JOHANNESBURG (Reuters) – South African private sector business activity flatlined in November, with a cooling of price pressures counteracted by supply chain disruptions due to a port crisis, a survey showed on Tuesday.
The S&P Global South Africa Purchasing Managers’ Index (PMI) rose to 50.0 in November from 48.9 in October. A reading above 50 shows growth, below 50 reflects a contraction and 50 is considered neutral.
Both input costs and output charges rose at their softest rates since December 2020 and the cooling of price pressures supported weaker falls in output and new orders, S&P said.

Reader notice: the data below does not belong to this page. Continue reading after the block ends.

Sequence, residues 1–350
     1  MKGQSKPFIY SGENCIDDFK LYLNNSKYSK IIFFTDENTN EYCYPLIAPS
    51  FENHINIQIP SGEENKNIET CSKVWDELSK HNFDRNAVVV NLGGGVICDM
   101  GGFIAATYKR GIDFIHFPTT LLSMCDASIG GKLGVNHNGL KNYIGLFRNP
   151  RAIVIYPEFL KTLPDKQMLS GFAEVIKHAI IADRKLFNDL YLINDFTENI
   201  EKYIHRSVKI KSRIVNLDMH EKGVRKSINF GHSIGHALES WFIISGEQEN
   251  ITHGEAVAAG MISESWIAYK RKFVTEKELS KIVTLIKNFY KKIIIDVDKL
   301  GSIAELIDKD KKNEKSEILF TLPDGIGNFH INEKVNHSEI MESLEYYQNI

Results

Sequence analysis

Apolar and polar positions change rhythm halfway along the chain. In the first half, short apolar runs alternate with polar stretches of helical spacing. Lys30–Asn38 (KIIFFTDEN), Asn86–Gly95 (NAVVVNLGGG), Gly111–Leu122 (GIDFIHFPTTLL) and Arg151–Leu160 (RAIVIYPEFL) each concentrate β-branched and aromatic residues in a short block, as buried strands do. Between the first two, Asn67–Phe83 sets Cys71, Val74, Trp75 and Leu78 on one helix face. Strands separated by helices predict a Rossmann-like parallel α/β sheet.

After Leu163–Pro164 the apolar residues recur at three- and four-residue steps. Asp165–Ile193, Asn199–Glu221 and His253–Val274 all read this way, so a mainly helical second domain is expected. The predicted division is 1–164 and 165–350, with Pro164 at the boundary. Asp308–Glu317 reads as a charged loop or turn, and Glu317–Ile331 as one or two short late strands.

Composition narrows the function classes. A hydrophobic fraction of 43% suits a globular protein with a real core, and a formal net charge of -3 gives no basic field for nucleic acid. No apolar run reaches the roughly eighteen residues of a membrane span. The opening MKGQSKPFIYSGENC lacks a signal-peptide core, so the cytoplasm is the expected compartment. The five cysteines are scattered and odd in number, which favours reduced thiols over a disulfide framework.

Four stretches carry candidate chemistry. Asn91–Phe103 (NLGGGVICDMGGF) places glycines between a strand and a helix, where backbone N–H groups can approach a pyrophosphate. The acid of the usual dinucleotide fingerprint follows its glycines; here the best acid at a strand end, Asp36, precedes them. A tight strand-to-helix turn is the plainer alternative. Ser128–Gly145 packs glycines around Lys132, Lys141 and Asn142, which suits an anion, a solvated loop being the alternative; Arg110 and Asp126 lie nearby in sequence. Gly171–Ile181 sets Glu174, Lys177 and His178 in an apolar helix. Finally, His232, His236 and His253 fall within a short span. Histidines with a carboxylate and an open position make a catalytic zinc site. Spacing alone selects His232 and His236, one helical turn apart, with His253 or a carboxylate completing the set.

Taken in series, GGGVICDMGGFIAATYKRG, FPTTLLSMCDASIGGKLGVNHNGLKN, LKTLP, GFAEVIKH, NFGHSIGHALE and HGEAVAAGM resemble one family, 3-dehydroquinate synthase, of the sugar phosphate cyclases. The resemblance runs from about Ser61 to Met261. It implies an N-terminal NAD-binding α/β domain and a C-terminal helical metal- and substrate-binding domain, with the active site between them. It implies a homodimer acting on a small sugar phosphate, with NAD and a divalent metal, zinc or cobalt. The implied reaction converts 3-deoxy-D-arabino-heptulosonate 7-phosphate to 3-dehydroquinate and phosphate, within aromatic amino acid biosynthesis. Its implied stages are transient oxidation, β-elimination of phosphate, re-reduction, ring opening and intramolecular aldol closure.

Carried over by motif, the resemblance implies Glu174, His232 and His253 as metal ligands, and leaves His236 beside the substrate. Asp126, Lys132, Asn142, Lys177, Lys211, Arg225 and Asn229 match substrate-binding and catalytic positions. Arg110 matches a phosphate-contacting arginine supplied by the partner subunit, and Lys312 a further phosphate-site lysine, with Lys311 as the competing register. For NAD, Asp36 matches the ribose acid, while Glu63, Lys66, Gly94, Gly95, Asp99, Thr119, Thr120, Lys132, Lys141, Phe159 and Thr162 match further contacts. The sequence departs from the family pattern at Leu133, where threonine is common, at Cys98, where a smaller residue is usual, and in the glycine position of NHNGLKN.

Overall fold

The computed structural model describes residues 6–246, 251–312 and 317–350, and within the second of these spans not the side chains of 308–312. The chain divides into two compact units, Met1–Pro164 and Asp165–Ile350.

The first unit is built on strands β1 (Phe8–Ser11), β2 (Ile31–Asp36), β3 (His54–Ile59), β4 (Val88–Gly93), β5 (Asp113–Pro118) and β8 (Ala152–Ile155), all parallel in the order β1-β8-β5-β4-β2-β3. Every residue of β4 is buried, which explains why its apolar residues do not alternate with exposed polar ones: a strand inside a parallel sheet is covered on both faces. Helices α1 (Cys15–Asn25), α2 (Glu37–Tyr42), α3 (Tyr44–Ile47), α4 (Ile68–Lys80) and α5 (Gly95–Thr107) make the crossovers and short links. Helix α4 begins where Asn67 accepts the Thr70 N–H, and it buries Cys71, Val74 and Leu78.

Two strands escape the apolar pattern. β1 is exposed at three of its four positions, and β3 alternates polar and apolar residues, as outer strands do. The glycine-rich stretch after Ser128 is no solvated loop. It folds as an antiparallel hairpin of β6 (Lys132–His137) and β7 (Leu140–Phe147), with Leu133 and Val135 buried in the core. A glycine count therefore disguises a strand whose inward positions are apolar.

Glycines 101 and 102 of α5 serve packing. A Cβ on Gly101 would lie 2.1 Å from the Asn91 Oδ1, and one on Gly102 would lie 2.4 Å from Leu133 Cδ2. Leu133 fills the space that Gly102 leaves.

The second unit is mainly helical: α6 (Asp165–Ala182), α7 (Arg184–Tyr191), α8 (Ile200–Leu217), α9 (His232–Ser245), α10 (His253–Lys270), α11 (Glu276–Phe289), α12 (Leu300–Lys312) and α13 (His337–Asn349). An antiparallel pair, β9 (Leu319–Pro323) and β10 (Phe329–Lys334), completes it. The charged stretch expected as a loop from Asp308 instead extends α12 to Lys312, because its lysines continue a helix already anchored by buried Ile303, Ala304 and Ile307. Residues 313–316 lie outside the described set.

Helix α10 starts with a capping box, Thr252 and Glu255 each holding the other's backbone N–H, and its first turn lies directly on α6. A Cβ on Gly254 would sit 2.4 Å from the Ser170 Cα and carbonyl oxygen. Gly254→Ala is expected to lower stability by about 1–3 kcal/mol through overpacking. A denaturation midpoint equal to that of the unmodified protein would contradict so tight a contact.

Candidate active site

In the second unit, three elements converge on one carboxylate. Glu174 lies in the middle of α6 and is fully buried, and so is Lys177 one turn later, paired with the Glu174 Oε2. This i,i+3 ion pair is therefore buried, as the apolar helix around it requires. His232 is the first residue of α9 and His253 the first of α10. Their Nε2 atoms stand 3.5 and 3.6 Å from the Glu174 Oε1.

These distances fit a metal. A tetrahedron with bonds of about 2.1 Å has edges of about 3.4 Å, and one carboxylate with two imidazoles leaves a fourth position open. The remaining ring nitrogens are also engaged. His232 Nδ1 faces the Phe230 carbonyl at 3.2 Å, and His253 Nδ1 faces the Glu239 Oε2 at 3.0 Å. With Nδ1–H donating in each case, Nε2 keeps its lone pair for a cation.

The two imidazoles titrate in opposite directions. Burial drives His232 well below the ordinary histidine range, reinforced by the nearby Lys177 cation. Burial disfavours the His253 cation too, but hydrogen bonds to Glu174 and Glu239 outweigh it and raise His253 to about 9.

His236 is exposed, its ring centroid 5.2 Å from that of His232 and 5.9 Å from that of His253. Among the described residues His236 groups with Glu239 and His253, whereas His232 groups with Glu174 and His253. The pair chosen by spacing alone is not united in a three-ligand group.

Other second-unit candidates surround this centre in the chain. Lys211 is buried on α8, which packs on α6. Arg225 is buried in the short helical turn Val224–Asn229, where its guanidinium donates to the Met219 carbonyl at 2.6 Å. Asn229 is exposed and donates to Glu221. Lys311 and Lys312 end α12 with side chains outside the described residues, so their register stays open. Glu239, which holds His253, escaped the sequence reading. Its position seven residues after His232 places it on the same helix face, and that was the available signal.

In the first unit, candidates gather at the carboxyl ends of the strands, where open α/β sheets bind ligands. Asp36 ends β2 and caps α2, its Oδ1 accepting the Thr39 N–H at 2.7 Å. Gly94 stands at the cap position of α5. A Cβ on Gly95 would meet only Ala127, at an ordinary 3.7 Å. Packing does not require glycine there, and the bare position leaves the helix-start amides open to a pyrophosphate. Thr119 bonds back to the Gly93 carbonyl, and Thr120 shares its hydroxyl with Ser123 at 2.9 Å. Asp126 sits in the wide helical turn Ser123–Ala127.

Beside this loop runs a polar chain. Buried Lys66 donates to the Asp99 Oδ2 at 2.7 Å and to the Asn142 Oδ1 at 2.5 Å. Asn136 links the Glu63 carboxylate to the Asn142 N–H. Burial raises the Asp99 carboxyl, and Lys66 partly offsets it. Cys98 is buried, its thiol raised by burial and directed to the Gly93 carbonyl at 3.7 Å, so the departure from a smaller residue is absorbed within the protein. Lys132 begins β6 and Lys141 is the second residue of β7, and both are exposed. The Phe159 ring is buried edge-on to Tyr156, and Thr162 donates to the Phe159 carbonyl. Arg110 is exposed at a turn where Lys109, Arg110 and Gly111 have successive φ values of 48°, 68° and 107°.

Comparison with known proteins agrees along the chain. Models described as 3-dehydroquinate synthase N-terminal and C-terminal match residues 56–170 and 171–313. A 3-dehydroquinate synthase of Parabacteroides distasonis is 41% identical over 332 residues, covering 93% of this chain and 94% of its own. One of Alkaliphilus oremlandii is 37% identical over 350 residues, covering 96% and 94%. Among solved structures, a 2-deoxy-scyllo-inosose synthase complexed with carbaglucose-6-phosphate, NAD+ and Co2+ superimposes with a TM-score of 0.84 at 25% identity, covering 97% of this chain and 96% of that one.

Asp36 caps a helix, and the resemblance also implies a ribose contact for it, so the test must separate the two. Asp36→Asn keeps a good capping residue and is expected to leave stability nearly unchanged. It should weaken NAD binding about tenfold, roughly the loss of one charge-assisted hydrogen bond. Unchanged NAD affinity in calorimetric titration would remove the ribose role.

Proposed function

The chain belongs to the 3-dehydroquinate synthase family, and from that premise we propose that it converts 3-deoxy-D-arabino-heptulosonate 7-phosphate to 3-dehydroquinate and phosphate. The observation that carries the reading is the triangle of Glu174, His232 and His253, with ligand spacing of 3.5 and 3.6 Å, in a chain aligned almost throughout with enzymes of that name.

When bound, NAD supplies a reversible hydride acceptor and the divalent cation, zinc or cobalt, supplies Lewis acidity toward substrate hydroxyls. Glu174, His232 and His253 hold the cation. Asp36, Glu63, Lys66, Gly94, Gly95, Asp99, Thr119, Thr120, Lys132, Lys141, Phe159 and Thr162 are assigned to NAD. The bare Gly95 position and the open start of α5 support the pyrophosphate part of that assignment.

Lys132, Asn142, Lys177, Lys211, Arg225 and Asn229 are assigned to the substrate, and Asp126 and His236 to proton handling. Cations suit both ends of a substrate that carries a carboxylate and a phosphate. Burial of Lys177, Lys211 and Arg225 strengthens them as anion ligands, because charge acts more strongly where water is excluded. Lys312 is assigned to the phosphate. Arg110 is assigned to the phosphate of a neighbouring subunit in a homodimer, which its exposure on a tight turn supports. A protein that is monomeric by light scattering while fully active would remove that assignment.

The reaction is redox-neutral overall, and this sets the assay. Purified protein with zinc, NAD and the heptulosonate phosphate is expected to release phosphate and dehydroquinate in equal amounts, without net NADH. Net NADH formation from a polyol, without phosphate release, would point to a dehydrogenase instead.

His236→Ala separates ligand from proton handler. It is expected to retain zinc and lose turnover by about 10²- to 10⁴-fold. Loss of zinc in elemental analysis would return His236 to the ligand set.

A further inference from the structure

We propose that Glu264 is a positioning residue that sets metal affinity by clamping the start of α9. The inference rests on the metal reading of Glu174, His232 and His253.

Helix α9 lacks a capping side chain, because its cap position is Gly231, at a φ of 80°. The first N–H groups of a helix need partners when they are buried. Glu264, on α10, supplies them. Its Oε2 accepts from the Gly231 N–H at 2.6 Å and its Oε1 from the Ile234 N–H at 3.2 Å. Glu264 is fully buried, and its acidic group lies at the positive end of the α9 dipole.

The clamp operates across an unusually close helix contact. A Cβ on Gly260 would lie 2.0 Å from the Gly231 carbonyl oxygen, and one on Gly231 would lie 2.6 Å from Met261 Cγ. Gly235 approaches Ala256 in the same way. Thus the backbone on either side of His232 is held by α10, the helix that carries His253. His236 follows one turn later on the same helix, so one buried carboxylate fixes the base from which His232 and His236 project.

However supply chain disruptions continued in November due to a port crisis and many firms faced longer waits for their inputs, the survey showed.
“Downside risk is now arising from the port crisis in Durban, where tens of thousands of shipping containers are awaiting offloading, causing significant delays,” said David Owen, senior economist at S&P Global Market Intelligence.
“The crisis could therefore act as a drag on private sector growth in the coming months if there is no improvement.”
State-owned rail and port firm Transnet has struggled to provide adequate freight rail and port services in South Africa due to equipment shortages and maintenance backlogs after years of underinvestment.
(Reporting by Bhargav Acharya; Editing by Susan Fenton)